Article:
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The Roundtable

Listener Essay - A Passover Story

  Tina Lincer is a writer living in Loudonville, NY. 

A Passover story

I knew Passover was coming when the chametz began disappearing from our apartment.

Starting weeks in advance, my mother would banish every crumb of the forbidden leavened food as she scrupulously cleaned and cleared the kitchen cabinets and the fridge. Farewell for eight days to delicious sliced pumpernickel from Adrian’s Bakery and to my beloved Mallomars and black-and-white cookies. Make room for matzoh and Manischewitz cake mixes. Marble was the best. I loved pulling a knife through the chocolate powder across the golden batter to create dark and light swirls.

But I dreaded the seder at Grandma Frieda’s.

Q: Why was this night different than all other nights?

A: Because it was interminable.

Uncle Miltie presided imperiously over our small table. He and frosty-haired Aunt Gertrude had no kids. My older sister was no fun. I was squirming, starving and feeling sorry for myself before we’d passed over the first blessing.

“When do we eat?” I wondered, again and again.

“Soon,” my mother whispered.

We both shrunk a little under my uncle’s stern gaze.

I’d pretend to follow while everyone took turns reading the hagaddah. This book tells the story of Moses leading the Israelites out of slavery in Egypt more than 3,000 years ago. But it gave no hint how a little Queens girl like me could survive the first night of Passover.

I stared at the symbols on the seder plate: salt water for the slaves’ tears, horseradish for bitterness, parsley suggesting spring. The roasted egg was life itself. And the charoses mixture of walnuts, wine and apples represented the mortar for the bricks the Jewish slaves made and carried.

We ate matzoh, the unleavened “bread of affliction,” to remind us of the Jews’ rush to flee Egypt and secure their freedom. No waiting for dough to rise.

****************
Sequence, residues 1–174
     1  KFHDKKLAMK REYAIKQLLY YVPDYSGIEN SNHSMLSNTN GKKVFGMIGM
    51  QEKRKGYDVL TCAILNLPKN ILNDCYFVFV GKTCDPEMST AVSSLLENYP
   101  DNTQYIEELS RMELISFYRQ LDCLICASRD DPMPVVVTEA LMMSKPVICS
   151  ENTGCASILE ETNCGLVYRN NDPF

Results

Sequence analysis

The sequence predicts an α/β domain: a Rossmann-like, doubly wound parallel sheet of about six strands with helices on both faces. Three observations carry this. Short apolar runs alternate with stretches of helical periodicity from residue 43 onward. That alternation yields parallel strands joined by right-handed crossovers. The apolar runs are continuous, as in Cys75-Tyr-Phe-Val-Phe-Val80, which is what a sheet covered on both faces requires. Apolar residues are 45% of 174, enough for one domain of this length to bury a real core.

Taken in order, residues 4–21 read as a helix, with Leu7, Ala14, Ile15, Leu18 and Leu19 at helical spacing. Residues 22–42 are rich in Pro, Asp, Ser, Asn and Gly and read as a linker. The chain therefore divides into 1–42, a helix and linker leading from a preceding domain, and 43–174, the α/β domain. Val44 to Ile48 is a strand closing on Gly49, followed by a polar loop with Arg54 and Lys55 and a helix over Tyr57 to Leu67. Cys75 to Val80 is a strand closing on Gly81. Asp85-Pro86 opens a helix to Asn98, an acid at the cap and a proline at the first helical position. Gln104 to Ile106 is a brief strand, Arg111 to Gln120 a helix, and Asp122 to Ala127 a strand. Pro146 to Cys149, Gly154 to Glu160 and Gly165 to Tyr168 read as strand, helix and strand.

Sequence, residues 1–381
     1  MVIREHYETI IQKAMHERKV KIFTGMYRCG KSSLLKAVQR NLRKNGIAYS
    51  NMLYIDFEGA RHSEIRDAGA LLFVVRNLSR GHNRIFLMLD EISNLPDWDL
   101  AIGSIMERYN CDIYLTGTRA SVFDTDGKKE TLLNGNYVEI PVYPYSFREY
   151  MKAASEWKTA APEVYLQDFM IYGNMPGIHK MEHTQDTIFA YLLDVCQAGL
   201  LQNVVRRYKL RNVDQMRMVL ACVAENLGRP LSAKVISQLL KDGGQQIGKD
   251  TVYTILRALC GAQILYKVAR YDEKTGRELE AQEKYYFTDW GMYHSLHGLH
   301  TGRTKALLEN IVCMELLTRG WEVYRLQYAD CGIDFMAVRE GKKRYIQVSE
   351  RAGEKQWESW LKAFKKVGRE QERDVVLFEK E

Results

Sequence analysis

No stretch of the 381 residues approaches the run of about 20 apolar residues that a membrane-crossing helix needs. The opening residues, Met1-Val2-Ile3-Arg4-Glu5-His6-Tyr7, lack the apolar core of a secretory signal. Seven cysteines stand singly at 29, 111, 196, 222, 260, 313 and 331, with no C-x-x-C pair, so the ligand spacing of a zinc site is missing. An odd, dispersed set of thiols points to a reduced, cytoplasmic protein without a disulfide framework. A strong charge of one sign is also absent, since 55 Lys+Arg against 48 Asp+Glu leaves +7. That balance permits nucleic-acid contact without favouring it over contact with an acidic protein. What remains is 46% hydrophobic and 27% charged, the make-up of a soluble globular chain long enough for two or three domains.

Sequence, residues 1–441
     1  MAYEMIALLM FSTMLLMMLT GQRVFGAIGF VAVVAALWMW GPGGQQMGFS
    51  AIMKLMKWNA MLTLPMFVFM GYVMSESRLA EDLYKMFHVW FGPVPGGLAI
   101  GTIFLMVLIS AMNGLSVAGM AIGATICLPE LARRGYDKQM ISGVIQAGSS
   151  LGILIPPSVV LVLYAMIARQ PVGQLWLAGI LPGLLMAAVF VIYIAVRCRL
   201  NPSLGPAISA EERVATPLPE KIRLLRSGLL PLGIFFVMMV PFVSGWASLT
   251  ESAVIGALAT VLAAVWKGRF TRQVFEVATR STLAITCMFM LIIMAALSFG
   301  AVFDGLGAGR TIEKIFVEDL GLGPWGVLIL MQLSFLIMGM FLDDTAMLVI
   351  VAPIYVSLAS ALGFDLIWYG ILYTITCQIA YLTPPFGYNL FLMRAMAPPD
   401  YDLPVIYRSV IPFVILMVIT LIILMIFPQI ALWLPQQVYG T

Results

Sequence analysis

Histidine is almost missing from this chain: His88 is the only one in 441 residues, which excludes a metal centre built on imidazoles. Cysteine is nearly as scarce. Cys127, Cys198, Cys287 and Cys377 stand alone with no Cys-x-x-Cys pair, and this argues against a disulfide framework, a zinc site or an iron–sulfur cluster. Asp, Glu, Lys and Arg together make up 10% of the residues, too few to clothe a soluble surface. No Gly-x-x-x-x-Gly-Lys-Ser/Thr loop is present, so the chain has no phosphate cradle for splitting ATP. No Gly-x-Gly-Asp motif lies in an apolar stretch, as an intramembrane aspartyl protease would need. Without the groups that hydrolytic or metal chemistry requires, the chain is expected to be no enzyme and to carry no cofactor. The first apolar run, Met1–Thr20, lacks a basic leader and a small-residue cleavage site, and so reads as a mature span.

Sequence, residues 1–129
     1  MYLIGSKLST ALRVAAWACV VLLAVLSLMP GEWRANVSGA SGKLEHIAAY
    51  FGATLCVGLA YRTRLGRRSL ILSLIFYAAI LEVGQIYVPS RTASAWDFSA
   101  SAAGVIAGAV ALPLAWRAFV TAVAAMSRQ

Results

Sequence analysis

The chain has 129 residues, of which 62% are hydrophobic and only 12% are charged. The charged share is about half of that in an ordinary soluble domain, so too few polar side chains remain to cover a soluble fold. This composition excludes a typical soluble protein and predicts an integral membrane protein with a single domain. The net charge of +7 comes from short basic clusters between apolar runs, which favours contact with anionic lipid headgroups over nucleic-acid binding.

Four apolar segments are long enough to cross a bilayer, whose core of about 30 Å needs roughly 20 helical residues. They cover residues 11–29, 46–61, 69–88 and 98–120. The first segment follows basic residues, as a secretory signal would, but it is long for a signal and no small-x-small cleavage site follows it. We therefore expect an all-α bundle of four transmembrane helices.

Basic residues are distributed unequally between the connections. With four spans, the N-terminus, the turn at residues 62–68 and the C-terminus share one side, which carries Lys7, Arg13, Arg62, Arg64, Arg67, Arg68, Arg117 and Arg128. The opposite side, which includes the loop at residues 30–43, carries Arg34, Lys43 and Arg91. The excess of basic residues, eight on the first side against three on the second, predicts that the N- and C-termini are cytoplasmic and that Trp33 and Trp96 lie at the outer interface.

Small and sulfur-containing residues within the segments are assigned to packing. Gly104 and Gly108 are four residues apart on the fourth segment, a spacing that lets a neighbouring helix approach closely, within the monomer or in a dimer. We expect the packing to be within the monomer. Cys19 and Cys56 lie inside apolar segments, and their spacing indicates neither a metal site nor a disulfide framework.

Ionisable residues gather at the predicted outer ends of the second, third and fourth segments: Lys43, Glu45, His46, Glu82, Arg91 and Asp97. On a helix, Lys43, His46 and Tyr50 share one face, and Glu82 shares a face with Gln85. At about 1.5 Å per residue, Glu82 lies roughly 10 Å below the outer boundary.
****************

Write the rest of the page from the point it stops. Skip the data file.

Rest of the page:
I perked up when we turned the page to the 10 plagues that were visited upon Pharoah and our Egyptian captors. Years later, I’d dress up as one of those plagues, a fly with lacy wings, and do a soft shoe number in my high school play, “Moses Makes the Grade.” But here, seated at my grandmother’s table, I dipped a pinkie into my grape juice-filled wine glass as, in unison, we spilled a drop of wine for each plague onto our dinner plates.

Frogs! Boils! Hail! Locusts! And the really scary final one, the slaying of the Egyptians’ first-born.

Seder means order, and my uncle followed the haggadah religiously. We read every passage. Finally, just when I thought I might actually faint, came the holiday meal: gefilte fish with beet-red horseradish, steaming chicken soup with moist and fluffy matzoh balls, tender brisket and oven-roasted potatoes, all washed down with sweet black cherry soda. Even the fake cakes tasted good.

Sometimes, we had Passover at my aunt and uncle’s Manhattan apartment with their friends. Soon the real drama began. When someone praised Gert’s matzoh balls, my mother muttered, “rocks,” “door stops” or “pucks.” I didn’t dare laugh. And I was on my best eating behavior. God forbid one flick of purple plague juice went flying onto the expensive beige upholstered chairs.

Toward the end of the seder, the door was opened for the prophet Elijah. I imagined him slipping past the doormen in their brass-buttoned uniforms and riding up in the elevator to grace us with his presence. He never did.

Two decades later, I cleaned and cooked for my own family. My children swirled the marble cake batter, and it became my turn to endure “When do we eat?”

One year, from the land of Nickelodeon came the Rugrats Passover. This was not my grandparents’ story. The Hebrews wore Huggies, Tommy played the infant Moses in the bullrushes, and Pharaoh was bratty Angelica. “Let my babies go!” became a refrain in our house.

There was the time our Russian babysitter and her family joined us. Recent émigrés to Albany, they’d never had a seder in the Soviet Union. Memorable, too, was the women’s seder I hosted after my divorce, with my hand-crafted haggadahs. Among the five of us, I was the lone Jew, but it was an evening of connection and sharing my culture.

A few years ago, my significant other and I celebrated Passover in Buenos Aires. We were strangers in a strange land when a young Jewish family from Hillel Argentina welcomed us into their home along with 50 relatives and friends, most of whom didn’t speak English. This lively South American seder, recited in Hebrew and Spanish, was a world away from Grandma’s Frieda’s, yet we shared the same story and feast, beginning with las bolas de matzá.

My 6-year-old self would have loved it.

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